UPDATE: July 16 — After excerpts of Johannson’s interview were published over the weekend, the actress said in a statement to HuffPost that her remarks were “edited for click bait” and “widely taken out of context.”
However, she added that she still believed that actors and art should be “immune to political correctness.”
“The question I was answering in my conversation with the contemporary artist, David Salle, was about the confrontation between political correctness and art,” Johansson said. “I personally feel that, in an ideal world, any actor should be able to play anybody and Art, in all forms, should be immune to political correctness.”
The actress said she recognized her own privilege and noted that the entertainment industry “favors Caucasian, cis gendered actors.”
“I continue to support, and always have, diversity in every industry and will continue to fight for projects where everyone is included,” she said.
Actress Scarlett Johansson says she should be able to play any role she wants, identity politics be damned.
In a recent interview with As If magazine, the “Avengers: Endgame” star shared her take on the controversial roles in which he has been cast. Blowback over her roles, she reportedly said, amounted to “political correctness ... being reflected in art.”
“You know, as an actor, I should be allowed to play any person, or any tree, or any animal because that is my job and the requirements of my job,” Johansson told the magazine, according to the Daily Mail and BuzzFeed.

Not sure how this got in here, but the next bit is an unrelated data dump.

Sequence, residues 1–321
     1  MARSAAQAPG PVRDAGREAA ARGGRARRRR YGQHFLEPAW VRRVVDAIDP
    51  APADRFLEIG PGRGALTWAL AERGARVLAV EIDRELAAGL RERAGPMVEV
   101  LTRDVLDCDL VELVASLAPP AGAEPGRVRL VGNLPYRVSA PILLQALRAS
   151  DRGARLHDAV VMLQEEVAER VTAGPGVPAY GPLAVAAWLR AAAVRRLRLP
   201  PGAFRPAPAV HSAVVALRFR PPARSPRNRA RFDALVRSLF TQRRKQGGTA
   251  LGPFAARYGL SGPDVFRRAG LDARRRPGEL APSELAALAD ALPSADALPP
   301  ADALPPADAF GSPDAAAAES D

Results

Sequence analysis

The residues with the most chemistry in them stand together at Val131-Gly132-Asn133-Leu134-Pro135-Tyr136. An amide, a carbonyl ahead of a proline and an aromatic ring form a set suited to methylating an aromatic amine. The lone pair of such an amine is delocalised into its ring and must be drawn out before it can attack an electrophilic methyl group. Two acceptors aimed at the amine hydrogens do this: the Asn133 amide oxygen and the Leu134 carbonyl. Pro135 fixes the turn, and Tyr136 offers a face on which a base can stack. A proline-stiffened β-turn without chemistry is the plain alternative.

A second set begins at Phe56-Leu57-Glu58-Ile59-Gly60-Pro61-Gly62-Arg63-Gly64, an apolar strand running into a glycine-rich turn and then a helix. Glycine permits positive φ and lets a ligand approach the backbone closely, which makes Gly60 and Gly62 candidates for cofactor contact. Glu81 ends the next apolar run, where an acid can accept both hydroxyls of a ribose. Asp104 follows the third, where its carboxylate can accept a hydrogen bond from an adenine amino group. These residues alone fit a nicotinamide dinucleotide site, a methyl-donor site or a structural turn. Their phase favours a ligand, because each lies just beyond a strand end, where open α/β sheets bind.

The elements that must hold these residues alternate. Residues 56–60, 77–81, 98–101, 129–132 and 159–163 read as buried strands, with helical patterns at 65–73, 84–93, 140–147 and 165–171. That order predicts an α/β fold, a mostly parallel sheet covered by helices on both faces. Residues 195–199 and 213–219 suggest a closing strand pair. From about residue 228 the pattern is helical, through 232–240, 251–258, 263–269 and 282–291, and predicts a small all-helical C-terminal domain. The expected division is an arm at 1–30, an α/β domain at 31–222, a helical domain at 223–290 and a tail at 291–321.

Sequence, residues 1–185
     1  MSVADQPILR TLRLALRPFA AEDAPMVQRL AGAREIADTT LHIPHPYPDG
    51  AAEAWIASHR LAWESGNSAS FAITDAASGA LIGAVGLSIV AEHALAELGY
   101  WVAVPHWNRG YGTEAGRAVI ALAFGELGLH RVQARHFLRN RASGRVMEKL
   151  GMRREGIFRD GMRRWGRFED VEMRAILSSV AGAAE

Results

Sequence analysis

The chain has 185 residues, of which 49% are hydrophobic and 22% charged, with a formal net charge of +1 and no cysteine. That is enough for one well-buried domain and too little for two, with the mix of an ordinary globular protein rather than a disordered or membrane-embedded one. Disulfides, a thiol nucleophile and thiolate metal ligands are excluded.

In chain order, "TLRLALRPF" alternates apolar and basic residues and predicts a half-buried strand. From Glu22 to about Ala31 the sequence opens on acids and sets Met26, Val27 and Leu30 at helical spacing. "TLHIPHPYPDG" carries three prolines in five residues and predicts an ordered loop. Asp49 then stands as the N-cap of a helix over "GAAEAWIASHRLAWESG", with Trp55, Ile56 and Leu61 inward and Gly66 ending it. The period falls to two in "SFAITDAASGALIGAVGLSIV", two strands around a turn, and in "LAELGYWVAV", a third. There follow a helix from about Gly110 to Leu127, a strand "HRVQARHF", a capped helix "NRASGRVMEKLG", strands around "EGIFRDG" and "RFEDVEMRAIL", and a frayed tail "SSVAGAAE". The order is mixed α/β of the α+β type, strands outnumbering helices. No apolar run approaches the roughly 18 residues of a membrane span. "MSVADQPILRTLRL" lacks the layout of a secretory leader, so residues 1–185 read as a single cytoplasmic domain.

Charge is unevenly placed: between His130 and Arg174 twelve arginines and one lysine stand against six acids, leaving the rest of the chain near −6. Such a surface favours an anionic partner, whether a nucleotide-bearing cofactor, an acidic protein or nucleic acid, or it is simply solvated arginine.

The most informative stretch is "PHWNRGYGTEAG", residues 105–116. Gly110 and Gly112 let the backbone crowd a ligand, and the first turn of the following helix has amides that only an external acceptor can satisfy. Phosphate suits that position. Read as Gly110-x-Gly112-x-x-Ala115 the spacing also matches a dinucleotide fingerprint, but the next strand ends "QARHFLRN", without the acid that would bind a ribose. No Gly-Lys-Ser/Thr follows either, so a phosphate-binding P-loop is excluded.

But the controversy surrounding Johansson’s recent career choices hasn’t stemmed from her being offered a gig as a ficus tree or a python. It’s because she’s taken on roles that could’ve been offered to an actor from a minority group underrepresented in the industry.
In 2017, for example, Johansson played the role of Major Motoko Kusanagi in the live-action adaptation of “Ghost in the Shell,” originally a Japanese manga.
Critics accused filmmakers of whitewashing the role, known simply as Major in the film, instead of giving the opportunity to a Japanese actress.
Johansson defended herself at the time, saying she would “never want to feel like I was playing a character that was offensive.” An executive for Paramount, the studio behind the film, later said the film flopped due to the casting outrage.
Johansson was enmeshed in another casting controversy the following year. This time, it was for taking on the role of a transgender man in “Rub & Tug,” a film about the transgender owner of a massage parlor.
LGBTQ activists urged filmmakers to give the role to a transgender performer.
Johansson at first appeared to stand her ground, saying in a statement via her representatives that critics could be directed to the representatives of actors “Jeffrey Tambor, Jared Leto, and Felicity Huffman” who have played transgender characters in the past.
Johansson later dropped out of the project and admitted that her initial response to the backlash was “insensitive.”
In her interview with “As If,” Johansson characterized the outrage over her casting as an industry “trend.”
“I feel like it’s a trend in my business and it needs to happen for various social reasons,” she reportedly told the magazine. “Yet there are times it does get uncomfortable when it affects the art because I feel art should be free of restrictions.”
The actress also suggested that “society would be more connected if we just allowed others to have their own feelings and not expect everyone to feel the way we do,” according to the Mail.
The reported segments of Johansson’s interview didn’t go over well on Twitter. Some of her critics used the moment to remind the Tony award-winning actress why her career choices were problematic.